Article

Block Ownership, Trading Activity, and Market Liquidity

Journal of Financial and Quantitative Analysis (Impact Factor: 1.77). 12/2009; 44(06):1403-1426. DOI: 10.2139/ssrn.1117285
Source: RePEc

ABSTRACT

We examine the impact of block ownership on the firm s market liquidity. These adverse liquidity effects disappear, however, once we control for trading activity. Our findings suggest that block ownership is detrimental to the firm a real friction effect. After controlling for this real friction effect, we find little evidence that block ownership has a negative impact on informational friction. Our results suggest that the relative lack of trading, and not the threat of informed trading, explains the inverse relation between block ownership and market liquidity.

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    • "For example, our finding show consistent results when use employ the research and development expenses and the firm age beside other control variables that used in the main analysis. Finally, we suggest applying this study to different trading pattern within the market microstructure area, for example (floor versus electronic mechanism) as stated previously byBrockman et al. (2009). "
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    ABSTRACT: We examine the impact of ownership structure on the firm’s trading activity and secondary market liquidity. Our empirical results show that insider, large shareholders and blockholders take potential trading activity off the table relative to institutional investors and impair the firm’s market liquidity. These adverse liquidity effects appear, however, once we control for trading activity. Our findings suggest that insider, large shareholders and blockholders are detrimental to the firm’s market liquidity because of their positive impact on adverse selection costs of market liquidity - information friction effect. Nevertheless, we conclude that institutional investors have a positive impact on real friction of market liquidity. Our results suggest that the relative frequent of trading explore the positive relation between institutional investors and market liquidity. http://bafa.ac.uk/assets/files/Conference/BAFA%20Conference%202015%20-%20presentation%20schedule%20-%20web%20version.pdf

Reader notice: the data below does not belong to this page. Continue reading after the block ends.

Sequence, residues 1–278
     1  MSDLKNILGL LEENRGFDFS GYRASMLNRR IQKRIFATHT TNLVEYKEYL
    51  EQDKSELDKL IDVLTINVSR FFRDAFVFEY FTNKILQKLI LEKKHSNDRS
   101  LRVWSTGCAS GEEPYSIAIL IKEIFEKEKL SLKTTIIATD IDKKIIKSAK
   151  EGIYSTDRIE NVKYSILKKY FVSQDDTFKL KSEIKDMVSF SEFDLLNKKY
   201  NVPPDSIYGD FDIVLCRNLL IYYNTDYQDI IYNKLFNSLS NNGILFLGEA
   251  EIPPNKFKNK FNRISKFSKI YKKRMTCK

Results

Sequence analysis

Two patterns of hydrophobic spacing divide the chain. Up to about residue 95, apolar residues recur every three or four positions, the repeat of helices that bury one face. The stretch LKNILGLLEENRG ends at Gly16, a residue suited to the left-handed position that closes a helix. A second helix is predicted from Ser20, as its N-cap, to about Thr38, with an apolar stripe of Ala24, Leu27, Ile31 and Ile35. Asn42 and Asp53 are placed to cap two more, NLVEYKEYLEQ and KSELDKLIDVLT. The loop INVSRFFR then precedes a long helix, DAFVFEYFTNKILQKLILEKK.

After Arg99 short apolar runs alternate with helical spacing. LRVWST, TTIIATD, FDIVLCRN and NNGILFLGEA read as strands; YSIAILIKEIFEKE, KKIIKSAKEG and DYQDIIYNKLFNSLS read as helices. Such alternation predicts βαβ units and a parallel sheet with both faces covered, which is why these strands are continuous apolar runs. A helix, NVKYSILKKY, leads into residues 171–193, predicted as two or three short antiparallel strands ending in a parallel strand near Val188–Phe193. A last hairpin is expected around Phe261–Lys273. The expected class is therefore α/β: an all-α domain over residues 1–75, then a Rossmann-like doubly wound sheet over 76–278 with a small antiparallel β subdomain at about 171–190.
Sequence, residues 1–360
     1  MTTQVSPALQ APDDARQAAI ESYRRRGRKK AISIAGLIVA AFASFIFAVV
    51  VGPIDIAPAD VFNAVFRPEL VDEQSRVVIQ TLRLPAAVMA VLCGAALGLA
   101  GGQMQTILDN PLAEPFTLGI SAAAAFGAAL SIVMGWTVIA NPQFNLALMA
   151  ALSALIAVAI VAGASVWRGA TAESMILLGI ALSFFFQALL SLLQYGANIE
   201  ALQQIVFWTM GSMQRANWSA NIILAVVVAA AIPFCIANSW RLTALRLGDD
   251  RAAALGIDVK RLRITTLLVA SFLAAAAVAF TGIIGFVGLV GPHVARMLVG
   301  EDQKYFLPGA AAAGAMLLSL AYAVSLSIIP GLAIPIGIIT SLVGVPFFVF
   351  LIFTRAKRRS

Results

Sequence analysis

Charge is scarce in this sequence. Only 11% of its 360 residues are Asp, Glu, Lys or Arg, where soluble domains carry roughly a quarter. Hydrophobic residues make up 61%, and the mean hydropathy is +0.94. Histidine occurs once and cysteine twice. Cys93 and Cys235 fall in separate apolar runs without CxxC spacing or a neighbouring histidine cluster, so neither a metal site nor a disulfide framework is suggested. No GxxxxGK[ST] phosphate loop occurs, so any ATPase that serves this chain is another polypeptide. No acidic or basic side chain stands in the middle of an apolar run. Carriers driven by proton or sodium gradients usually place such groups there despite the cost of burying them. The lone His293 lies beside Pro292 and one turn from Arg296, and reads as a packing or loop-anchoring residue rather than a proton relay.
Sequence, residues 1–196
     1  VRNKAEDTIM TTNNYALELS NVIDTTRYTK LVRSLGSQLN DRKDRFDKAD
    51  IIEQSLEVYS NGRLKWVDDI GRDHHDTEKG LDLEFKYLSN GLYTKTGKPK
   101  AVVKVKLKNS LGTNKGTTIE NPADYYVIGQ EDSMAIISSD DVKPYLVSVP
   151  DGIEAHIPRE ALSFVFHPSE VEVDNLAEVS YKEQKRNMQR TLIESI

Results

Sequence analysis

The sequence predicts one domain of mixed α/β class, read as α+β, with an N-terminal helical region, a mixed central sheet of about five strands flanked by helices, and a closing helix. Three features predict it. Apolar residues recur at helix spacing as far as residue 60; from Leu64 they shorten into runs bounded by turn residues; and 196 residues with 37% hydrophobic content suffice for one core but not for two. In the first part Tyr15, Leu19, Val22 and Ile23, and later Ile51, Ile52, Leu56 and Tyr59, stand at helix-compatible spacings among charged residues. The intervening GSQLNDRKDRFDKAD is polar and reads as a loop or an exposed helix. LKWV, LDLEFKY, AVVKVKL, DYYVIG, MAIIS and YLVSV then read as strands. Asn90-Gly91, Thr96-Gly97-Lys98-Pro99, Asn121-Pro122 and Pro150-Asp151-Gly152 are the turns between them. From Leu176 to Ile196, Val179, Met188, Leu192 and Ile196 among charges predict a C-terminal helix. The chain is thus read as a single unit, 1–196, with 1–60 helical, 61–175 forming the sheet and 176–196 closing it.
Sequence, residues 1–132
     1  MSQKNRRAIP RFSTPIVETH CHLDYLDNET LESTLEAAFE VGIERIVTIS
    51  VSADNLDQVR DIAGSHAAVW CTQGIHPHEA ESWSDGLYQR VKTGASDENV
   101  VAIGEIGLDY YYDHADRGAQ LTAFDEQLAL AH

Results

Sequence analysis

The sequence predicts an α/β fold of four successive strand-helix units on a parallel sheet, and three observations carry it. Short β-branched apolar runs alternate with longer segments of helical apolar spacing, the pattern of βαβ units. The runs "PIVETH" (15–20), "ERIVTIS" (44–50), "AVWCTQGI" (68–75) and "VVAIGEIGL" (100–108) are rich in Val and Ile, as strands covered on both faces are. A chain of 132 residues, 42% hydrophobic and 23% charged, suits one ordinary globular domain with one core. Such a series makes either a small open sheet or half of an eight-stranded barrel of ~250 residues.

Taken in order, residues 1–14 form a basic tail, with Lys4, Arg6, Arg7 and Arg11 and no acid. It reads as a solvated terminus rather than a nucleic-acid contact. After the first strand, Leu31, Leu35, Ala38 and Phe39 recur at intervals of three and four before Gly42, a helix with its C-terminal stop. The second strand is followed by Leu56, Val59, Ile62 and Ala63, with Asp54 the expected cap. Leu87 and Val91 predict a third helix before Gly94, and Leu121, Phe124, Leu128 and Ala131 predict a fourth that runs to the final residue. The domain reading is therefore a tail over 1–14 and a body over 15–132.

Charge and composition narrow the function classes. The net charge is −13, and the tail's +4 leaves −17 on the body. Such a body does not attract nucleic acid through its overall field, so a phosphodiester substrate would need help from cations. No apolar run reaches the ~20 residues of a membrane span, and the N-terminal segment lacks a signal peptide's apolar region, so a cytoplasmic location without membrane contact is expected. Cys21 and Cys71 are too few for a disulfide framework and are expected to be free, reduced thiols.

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    • "Further, those studies indicate that surrogates of information, for example, trade size and market structure (order vs. quote) affect spread and its components. Kini and Mian (1995), Heflin and Shaw (2000), Chung and Charoenwong (1998), Fehle (2004), Jiang and Kim (2005), Rubin (2007), Schnatterly et al. (2008), Brockman et al. (2009), Jiang et al. (2011) find mixed evidence on the effect of block and insider holding, and changes in institutional holding on spread and its adverse selection component. Sias et al. (2006), Griffin et al. (2003), and Kaniel et al. (2008) find evidence of informed trading by institutions while Easley et al. (1996) find PIN, the information content in trades determined from excess buys and sales to be a significant determinant of spread. "